Create

Cultural activity flourishes in New Zealand

Preserve

Our heritage can be enjoyed by future generations

Engage

Engagement in cultural and sporting activities is increasing

Excel

Artists, athletes and organisations achieve excellence

The Cultural Sector Strategic Framework 2014-2018 sets out five medium-term priorities that our environmental analysis and consultation show we must attend to in order to maximise the difference for New Zealanders in our enduring sector outcomes.

Fostering inclusive New Zealand identity

New Zealand’s demographic profile is changing in terms of age, ethnicity and location. There is a new sense emerging of what it is to be a New Zealander, how we see ourselves and how we present to others as an attractive place to live, work and visit. The Ministry is working with other departments and cultural agencies to support examination and expression of what it means to be a New Zealander, to foster an inclusive New Zealand and a positive identity internationally.

Supporting Māori cultural aspirations

Māori culture and heritage is a defining feature of New Zealand identity in the world. The preservation and expression of Māori language, arts, culture and heritage needs to be well supported. Cultural agencies are committed to working in partnership with iwi/Māori to advance their long term cultural aspirations for the benefit of Māori and all New Zealanders. In the post-settlement environment iwi are better positioned to advance their own cultural aspirations and will demand a high level of responsiveness from government and its agencies.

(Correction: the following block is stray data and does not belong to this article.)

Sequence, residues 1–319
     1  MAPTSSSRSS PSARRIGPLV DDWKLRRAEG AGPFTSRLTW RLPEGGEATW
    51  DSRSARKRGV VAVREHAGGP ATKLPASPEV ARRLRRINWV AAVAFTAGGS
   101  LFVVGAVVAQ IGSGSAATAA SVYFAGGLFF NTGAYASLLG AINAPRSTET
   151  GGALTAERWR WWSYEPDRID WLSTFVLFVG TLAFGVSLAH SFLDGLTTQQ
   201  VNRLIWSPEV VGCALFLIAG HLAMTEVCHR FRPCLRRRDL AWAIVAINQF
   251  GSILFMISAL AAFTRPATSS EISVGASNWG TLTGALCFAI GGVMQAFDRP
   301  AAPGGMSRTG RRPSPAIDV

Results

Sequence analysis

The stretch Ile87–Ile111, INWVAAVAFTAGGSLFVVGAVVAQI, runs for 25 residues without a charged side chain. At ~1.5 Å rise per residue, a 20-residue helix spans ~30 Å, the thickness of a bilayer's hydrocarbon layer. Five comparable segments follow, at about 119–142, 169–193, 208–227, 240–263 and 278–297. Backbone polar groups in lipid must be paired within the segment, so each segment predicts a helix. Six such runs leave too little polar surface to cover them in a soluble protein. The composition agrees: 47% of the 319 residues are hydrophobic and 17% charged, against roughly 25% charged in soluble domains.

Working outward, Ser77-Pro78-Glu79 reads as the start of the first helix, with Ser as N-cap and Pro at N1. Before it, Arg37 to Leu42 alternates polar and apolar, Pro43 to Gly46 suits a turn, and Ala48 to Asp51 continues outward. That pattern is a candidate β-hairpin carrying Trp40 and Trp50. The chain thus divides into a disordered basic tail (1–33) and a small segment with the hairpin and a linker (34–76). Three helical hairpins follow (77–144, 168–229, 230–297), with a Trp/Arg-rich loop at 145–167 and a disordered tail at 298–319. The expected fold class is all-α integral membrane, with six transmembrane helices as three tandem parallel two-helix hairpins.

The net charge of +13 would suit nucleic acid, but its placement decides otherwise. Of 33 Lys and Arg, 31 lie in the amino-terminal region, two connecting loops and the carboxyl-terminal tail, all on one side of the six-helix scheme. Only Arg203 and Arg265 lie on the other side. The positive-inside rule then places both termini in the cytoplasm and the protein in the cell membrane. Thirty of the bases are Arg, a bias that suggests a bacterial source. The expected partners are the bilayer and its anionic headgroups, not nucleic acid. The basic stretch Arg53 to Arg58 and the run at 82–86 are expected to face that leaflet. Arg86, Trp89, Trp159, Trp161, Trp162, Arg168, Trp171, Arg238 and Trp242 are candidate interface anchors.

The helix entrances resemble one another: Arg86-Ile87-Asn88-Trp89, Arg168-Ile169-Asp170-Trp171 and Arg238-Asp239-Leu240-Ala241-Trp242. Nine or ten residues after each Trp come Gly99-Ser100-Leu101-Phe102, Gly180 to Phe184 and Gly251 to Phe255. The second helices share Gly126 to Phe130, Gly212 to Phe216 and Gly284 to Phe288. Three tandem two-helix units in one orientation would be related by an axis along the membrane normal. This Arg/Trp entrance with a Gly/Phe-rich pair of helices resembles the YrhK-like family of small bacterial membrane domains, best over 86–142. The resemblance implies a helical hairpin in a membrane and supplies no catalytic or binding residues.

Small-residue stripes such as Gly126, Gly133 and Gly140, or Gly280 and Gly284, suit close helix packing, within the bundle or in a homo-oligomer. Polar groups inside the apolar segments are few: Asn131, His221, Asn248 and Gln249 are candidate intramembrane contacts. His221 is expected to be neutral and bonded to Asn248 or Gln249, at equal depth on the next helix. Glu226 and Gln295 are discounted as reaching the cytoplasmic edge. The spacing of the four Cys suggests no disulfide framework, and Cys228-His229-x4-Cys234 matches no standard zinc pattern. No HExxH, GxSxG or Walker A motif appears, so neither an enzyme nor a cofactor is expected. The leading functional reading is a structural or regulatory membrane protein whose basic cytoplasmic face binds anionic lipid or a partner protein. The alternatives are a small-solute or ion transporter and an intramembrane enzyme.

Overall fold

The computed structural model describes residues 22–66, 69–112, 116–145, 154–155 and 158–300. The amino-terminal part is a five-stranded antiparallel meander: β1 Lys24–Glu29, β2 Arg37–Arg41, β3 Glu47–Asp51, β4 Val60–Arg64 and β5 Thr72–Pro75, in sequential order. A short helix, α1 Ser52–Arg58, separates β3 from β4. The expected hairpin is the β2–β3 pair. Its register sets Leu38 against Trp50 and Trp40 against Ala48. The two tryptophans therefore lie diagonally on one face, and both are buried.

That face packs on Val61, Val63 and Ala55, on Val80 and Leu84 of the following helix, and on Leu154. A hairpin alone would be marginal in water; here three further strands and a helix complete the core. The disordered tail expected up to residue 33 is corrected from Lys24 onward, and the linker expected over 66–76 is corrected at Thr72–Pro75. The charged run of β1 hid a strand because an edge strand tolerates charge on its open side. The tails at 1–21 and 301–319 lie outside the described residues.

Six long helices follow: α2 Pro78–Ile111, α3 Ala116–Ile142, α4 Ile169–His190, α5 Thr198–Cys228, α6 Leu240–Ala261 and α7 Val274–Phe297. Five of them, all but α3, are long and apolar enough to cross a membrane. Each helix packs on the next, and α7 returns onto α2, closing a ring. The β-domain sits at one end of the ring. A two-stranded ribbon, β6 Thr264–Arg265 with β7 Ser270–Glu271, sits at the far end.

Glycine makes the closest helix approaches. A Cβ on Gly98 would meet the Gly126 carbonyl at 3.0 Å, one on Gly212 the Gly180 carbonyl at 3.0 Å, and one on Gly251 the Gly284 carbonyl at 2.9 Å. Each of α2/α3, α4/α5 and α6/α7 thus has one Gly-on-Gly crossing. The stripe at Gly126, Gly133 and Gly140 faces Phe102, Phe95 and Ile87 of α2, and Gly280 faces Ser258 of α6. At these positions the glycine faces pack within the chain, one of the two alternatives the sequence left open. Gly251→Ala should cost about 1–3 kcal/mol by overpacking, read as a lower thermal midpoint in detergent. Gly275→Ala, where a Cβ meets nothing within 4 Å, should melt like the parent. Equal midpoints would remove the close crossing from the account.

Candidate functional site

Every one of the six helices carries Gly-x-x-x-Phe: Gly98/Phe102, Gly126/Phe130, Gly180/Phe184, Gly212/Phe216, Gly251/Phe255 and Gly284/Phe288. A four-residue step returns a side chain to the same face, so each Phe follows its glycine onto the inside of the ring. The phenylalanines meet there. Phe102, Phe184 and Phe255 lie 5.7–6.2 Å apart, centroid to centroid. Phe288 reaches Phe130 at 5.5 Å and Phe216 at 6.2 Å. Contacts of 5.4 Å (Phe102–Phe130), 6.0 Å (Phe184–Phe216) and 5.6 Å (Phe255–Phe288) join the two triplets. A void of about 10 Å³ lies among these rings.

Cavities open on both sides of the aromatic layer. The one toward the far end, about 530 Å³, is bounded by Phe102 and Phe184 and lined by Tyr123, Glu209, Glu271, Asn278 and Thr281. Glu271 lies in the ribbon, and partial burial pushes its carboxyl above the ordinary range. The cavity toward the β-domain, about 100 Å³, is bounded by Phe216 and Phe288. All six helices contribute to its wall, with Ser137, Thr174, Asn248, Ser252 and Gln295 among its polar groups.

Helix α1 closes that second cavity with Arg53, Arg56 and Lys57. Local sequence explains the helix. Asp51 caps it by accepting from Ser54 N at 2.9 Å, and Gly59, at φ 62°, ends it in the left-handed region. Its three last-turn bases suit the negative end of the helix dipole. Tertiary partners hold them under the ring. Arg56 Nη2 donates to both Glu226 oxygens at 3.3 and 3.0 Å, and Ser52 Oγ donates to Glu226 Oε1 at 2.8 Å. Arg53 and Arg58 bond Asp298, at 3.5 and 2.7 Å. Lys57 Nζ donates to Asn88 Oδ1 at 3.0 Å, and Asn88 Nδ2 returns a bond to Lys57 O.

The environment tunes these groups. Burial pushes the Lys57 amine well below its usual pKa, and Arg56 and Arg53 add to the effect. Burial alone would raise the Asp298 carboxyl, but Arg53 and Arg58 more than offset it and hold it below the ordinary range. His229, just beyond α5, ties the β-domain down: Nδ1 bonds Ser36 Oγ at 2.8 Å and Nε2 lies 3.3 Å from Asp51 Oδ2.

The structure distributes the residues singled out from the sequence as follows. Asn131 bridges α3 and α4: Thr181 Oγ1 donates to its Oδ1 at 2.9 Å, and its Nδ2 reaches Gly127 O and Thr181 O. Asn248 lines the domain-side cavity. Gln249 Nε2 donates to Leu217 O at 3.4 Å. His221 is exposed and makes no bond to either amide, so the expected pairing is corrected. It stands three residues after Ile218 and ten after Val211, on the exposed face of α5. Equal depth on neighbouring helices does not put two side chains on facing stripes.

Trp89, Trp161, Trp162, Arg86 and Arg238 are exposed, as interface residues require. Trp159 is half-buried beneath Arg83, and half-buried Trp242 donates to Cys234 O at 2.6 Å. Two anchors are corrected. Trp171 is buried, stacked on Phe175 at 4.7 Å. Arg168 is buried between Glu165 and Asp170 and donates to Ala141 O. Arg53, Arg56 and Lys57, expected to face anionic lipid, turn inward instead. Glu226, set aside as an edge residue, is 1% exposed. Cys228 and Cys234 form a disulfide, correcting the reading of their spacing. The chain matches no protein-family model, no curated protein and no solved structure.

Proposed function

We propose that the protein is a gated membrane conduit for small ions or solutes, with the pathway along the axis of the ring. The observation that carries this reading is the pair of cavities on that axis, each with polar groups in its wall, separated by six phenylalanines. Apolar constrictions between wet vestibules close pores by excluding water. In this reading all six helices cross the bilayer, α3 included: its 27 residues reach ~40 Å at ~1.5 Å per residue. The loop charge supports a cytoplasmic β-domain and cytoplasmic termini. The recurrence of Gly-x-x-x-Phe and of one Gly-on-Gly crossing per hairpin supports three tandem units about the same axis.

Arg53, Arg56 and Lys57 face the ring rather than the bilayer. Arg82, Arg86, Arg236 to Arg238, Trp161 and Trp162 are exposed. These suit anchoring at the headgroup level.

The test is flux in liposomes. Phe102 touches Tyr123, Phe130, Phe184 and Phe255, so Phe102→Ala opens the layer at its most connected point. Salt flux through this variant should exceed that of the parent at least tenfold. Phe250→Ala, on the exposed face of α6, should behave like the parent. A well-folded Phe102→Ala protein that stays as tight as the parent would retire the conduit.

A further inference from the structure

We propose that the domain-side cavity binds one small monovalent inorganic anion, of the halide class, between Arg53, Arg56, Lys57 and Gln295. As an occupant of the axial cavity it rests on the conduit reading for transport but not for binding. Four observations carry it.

Front-footing transformative technology

New Zealanders want access to the best of what the world has to offer and high quality New Zealand content which shines through in a crowded, borderless global environment. Changing technology continues to impact on traditional business models and to provide new opportunities for all cultural agencies. Cultural goods and services are increasingly able to be produced, distributed and accessed at low cost to almost everyone. Through the development of digital skills, online rights policies, trans-media, new mobile applications and other innovative business solutions, New Zealand creative talent and organisations are positioning themselves to control and manage their endeavours to reach a wider audience. The Ministry is working to support an environment where skills, infrastructure and intellectual property rights support innovation and creation.

Improving cultural asset sustainability

New Zealand’s cultural activity is sustained by an infrastructure of tangible and intangible cultural assets built over time. With static or declining baselines for public funding, the Ministry, cultural agencies, iwi and local government are working together to plan and prioritise investment and to increase revenue from non-government sources. Success will require the development and maintenance of new partnerships and identification of smarter ways of operating.

Measuring and maximising public value

Cultural expression contributes to a vibrant and healthy democratic society. The cultural agencies are working together to better understand and increase the public value of our cultural goods and services, including their economic and social


Updated on 27th November 2015